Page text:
What are the reasons, we know so far, make the new revenue recognition standard so difficult to apply that companies are still not ready yet to implement? One reason is that the new standard is principles-based that would require accounting professionals to make estimates and judgments. Estimates and judgments that haven’t normally been bywords of this profession.
On Sept. 17, panelists from various industries and standard setters discussed the implementation challenges as well as what companies should look out for at a Bloomberg BNA conference on revenue recognition in New York.
When answering the question regarding the challenges of implementing a principles-based standard, Stephen Rivera, Johnson & Johnson Senior Director, said that his biggest challenge is to get his finance team to think about making judgment. “Accountants are used to follow the ‘black and white,’ ‘yes and no’ rules,” they need to be used to a different way of thinking---to think of how to look at contracts and how to account for them.
Panelists agreed that “deferred revenue” is one of the items that would be affected the most by the new standard. “Based on the [old] rule I can defer the revenue 100 percent, very simple.” Rivera said. He talked about how the current principle would be different, “But today I can’t do that, zero is not the answer, that’s the challenge. Today I have to answer the question of what are the assumptions I’m using, and how did I come up with the assumptions.”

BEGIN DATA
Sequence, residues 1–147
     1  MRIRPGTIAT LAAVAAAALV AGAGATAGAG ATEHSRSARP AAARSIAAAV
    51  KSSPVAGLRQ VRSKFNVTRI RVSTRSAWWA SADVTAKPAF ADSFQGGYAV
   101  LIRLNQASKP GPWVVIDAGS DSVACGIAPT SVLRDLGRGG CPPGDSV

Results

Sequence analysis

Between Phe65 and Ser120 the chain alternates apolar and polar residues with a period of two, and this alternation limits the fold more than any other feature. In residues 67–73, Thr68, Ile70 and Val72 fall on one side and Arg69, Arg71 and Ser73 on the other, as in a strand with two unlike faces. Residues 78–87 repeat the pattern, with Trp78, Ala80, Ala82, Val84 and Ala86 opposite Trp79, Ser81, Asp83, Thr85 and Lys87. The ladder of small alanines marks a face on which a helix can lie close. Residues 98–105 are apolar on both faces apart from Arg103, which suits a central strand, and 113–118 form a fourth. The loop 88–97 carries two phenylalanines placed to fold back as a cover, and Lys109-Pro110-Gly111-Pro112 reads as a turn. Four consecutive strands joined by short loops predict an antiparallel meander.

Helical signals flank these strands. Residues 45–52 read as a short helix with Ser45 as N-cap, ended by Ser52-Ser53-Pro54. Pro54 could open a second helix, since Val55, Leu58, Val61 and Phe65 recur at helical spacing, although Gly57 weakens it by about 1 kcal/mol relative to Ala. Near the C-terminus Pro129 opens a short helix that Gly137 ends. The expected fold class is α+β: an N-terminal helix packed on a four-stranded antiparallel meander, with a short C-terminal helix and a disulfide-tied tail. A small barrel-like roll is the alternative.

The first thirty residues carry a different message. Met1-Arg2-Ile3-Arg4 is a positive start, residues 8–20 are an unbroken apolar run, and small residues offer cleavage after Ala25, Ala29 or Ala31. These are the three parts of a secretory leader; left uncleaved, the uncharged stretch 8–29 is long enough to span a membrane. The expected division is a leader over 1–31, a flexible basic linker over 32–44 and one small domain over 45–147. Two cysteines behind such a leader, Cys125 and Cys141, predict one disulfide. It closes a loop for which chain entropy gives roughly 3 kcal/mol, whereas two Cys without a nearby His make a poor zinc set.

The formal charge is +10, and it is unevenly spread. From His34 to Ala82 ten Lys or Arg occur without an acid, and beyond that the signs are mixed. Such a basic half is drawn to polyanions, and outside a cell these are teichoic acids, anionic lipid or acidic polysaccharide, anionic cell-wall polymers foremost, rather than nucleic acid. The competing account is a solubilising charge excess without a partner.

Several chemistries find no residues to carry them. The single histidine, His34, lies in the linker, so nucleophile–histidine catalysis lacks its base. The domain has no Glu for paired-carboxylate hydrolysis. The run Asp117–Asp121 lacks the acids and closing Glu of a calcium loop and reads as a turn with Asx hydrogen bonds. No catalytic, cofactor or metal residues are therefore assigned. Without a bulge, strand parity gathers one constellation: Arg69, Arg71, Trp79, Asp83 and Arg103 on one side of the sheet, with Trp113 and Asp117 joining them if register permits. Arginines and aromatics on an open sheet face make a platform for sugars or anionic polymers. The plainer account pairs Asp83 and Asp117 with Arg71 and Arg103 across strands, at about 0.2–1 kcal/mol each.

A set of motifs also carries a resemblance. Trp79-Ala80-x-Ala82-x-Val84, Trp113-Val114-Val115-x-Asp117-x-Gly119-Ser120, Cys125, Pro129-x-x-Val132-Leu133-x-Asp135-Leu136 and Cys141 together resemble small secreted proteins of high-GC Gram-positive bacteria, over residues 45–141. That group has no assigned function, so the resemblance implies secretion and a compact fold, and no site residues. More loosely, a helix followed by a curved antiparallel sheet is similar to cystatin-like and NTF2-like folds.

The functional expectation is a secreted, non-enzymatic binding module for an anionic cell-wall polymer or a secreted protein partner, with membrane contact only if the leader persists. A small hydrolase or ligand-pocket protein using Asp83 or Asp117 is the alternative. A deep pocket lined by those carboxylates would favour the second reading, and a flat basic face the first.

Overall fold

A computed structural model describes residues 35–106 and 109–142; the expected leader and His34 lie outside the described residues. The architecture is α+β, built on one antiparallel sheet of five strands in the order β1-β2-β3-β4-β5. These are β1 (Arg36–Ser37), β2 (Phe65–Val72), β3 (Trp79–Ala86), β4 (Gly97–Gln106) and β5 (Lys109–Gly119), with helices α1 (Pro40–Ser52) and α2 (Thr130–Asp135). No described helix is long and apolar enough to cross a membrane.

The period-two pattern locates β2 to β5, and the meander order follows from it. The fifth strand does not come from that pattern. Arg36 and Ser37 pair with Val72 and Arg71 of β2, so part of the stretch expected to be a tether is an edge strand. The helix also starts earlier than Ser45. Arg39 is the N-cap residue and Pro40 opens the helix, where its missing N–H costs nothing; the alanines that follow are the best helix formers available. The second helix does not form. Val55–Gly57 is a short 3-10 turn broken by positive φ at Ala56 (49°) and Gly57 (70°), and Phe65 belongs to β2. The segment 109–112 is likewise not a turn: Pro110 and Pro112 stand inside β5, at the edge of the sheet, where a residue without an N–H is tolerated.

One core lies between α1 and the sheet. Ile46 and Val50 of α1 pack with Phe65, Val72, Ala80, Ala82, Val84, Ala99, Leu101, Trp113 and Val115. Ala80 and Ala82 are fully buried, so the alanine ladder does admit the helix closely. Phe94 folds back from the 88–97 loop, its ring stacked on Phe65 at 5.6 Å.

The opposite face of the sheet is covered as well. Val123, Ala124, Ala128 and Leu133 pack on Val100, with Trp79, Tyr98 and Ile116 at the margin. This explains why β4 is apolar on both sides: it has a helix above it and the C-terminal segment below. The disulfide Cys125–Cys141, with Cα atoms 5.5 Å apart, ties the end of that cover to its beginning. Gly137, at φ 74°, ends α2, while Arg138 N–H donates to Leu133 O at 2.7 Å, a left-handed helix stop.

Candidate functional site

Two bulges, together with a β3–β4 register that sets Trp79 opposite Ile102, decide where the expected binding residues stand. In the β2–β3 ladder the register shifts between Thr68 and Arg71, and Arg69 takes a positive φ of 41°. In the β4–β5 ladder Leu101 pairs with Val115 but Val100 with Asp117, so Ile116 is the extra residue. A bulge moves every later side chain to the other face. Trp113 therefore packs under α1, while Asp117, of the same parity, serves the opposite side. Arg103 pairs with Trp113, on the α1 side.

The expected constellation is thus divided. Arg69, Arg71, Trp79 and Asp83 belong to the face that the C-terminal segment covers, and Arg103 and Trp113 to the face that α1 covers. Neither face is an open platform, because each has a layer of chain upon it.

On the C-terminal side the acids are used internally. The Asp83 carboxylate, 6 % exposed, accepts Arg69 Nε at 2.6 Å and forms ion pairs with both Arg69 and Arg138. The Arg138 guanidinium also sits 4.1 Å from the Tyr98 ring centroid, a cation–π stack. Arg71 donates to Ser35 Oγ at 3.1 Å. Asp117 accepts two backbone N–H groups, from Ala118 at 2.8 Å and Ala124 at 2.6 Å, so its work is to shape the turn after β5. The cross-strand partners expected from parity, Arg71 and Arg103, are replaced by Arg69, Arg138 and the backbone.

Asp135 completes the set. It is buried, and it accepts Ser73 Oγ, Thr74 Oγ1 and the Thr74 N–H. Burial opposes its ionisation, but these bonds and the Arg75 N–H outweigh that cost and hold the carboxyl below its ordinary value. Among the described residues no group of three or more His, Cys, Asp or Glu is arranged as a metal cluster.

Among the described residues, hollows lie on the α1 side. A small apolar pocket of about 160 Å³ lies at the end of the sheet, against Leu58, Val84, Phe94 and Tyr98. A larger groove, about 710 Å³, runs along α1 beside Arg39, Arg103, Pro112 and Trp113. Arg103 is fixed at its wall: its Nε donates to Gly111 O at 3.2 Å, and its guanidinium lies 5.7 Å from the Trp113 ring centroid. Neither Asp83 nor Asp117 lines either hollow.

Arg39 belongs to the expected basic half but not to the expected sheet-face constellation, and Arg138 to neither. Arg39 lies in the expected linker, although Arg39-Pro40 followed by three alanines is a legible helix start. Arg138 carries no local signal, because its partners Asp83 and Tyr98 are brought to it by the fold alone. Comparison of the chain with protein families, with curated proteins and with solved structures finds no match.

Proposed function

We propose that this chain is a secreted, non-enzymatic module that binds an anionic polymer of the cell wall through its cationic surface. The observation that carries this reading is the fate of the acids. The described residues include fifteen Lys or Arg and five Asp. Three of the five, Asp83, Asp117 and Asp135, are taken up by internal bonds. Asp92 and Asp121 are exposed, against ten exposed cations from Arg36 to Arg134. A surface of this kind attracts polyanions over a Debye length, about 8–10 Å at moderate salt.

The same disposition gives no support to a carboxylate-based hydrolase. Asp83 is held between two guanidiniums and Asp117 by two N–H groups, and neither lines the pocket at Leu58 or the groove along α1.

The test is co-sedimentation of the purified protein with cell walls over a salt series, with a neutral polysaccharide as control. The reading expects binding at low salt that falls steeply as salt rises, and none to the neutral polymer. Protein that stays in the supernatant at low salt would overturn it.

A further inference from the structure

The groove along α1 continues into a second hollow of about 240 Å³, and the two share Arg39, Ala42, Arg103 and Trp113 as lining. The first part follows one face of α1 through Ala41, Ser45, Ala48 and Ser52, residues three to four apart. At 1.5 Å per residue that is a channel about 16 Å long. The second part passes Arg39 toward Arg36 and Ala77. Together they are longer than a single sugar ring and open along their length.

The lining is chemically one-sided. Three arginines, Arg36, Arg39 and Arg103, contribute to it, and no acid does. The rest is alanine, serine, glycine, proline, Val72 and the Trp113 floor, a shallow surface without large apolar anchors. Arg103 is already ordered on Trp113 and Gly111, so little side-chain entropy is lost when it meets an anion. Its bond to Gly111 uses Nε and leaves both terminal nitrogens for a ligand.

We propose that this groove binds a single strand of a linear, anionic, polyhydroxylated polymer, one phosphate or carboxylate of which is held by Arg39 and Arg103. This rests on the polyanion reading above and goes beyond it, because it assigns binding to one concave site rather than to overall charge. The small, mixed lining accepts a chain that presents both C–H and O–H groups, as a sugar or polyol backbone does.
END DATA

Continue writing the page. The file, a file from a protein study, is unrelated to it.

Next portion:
Legal Perspective, More Defense.
However, the new standard might give companies and its board of directors more “cover” from the legal perspective. Lisa Starczewski, counsel of Buchanan Ingersoll & Rooney said that unlike the old rules, principles-based accounting requires you to “make a judgment, make an estimate, apply the general principle based on the context, as long as you have enough documentation to support [your judgement and your estimate], it’s hard to argue something is ‘wrong.’”
New Requirements for Accounting Profession.
The Securities and Exchange Commission deputy chief accountant Wesley Bricker also said in the conference, “As a profession we must be up to the task of making well-reasoned, practical judgments necessary to provide the most relevant information about revenue arrangements since investors and other financial statement users need it.” He added, “To do this, the financial reporting community which includes preparers, auditors, and other regulators must lead the implementation effort by making sure those judgments are grounded in the principles of the standard, and each step outlined in the standard is applied in a practical way that considers the utility of the resulting information to users.”
Bricker also mentioned that companies need to assess and continually reassess the impact to their existing accounting and financial reporting competencies and make adjustments as appropriate to their training, retention, and recruitment programs.
With other FASB’s standards that are principles-based coming down the road, entities not only need to change their relevant business processes and the control activities, but also need to re-think accounting overall as a profession.
As panelists said, accountants need to have the skillset of making judgments and estimates for the upcoming principles-based standards. “Accounting 101” might need to shift its focus, so that people come out of school would not only be able to do “debits and credits,” but also to think critically and articulately.
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